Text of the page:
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Scottish Gas Recruits 100 Apprentices
Scottish Gas recently announced plans to recruit 100 more apprentices during a visit to its training academy, based in Hamilton from the Business Secretary Vince Cable. There are a similar number of apprentices currently taking training at the centre, with around 70 of them being trained to install smart gas meters in homes and businesses as part of a UK Government programme.
Mr.Cable said at the time that it was ‘fast becoming the norm’ for young people to opt for either university or an apprenticeship as a route to a career in engineering. He said:
“I encourage other companies to follow Scottish Gas in recognising the value that apprentices add to their business in helping them grow and develop a highly skilled workforce.”
It is estimated that around 76,000 homes and over 23,000 businesses across the whole of Scotland are already using smart meters which have been installed by Scottish Gas. Smart meters track gas usage in a much more accurate way, which allows the home/business owner to only pay for what they actually use- rather than pay a regular bill based on the value of their home. The meters have proven themselves to be very popular in today’s economic climate- as the figures show. By training more apprentices in how to fit the meters, more people will benefit from them and the money that they save. Some properties cannot have a smart meter, such as people living in a block of flats where it may be more difficult to get an accurate reading to base the bill on.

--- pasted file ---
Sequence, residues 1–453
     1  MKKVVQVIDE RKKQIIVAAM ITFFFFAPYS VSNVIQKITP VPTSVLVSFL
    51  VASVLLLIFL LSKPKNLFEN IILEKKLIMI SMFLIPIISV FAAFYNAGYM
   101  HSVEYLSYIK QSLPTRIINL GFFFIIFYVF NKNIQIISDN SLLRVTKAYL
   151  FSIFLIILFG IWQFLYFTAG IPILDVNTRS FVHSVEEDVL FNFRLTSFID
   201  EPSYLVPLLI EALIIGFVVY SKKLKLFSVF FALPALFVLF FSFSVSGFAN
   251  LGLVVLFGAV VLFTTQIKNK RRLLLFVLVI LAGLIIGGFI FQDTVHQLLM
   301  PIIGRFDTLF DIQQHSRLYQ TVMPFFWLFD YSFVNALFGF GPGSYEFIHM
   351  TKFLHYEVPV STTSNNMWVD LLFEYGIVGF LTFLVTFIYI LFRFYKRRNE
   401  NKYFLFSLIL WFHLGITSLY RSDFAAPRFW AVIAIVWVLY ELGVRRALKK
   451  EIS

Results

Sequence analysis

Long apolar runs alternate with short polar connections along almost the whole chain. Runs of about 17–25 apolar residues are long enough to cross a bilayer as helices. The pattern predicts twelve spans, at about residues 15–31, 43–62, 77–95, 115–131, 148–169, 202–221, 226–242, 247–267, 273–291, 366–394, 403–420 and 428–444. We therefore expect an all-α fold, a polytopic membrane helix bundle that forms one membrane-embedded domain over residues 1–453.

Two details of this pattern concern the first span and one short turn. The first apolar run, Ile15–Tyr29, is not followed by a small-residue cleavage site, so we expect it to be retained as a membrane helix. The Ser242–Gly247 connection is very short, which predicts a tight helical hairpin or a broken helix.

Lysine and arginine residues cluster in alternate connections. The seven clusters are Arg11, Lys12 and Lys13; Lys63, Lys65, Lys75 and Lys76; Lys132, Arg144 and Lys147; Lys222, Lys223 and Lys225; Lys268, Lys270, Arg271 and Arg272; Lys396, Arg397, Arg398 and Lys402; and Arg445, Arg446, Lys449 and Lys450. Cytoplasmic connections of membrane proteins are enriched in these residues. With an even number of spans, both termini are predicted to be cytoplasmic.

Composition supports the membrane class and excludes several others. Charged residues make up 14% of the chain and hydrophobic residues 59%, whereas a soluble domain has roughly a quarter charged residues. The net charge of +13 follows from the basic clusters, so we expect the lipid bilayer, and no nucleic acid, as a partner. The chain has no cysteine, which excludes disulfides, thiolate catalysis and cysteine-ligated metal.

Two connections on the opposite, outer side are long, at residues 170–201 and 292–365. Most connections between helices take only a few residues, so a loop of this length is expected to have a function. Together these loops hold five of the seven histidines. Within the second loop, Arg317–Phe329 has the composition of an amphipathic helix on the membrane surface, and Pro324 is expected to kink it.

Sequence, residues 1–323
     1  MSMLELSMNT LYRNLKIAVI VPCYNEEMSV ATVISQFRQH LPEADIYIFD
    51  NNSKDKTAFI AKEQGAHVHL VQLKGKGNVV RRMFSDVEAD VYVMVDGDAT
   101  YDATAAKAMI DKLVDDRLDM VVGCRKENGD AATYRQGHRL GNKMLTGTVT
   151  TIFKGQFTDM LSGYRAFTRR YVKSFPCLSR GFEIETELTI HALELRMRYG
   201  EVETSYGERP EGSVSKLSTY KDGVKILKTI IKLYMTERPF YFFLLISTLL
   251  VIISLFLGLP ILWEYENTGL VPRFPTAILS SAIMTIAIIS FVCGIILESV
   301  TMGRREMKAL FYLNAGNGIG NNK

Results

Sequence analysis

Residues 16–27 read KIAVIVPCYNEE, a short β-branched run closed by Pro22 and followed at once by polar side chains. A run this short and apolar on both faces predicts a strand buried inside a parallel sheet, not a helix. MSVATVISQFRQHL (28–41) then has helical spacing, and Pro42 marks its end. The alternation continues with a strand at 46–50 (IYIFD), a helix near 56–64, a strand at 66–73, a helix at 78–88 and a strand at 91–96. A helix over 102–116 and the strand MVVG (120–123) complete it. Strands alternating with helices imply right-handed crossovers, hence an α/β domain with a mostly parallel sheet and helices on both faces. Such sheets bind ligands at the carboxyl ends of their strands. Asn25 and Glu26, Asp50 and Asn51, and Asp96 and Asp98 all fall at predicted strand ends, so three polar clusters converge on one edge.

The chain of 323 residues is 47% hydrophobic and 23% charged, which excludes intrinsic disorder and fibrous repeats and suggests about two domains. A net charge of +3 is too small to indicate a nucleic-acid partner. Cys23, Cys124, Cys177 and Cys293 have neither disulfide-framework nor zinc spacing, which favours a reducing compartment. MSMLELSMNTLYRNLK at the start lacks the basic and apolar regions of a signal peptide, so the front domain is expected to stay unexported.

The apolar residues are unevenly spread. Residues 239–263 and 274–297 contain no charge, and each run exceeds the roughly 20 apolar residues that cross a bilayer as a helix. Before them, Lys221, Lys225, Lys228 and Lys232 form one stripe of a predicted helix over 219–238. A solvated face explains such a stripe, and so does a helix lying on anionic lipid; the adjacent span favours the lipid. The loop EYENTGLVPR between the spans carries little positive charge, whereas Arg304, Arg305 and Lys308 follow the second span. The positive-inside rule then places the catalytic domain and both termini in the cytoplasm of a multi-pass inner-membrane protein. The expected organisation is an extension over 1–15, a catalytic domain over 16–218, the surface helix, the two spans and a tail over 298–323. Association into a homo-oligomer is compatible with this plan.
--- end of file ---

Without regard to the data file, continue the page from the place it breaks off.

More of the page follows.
nPower Launches New Tariff
Npower has launched a brand new tariff- the Intelligent Control October 2016 plan. The plan launched back in September and comes with Google’s Nest Learning Thermostat. This is a new smart device which will allow users to control their home’s heating system remotely and adapts the home’s temperature to the resident’s behaviour.
The tariff is dual-fuel and is estimated to cost the homeowner £1,169 annually- good value for anyone who is looking to take advantage of the Nest Learning Thermostat. The average cost of the tariff is £920 without the cost of the thermostat (£249) so is still cheaper than the current market leading plan on offer by other energy providers. The tariff does however carry £50-per-fuel exit charges. If you are enticed by the idea of the Nest, it may be worth doing a price comparison to see if the cost is worth it for your home as other, simpler deals may be cheaper.
Speaking at the launch of the tariff, Npower’s Director of Managing Services said:
“People have busy lives and we want to help make it as easy as possible to manage their homes. With the weather getting colder and people becoming more aware of heating costs, they will be looking for smarter ways to reduce their energy bill for winter. The Nest Thermostat gives people the peace of mind that their energy prices won’t go up and their usage could go down.”
Anglian Water Apologises For Burst Main With Money Off Bills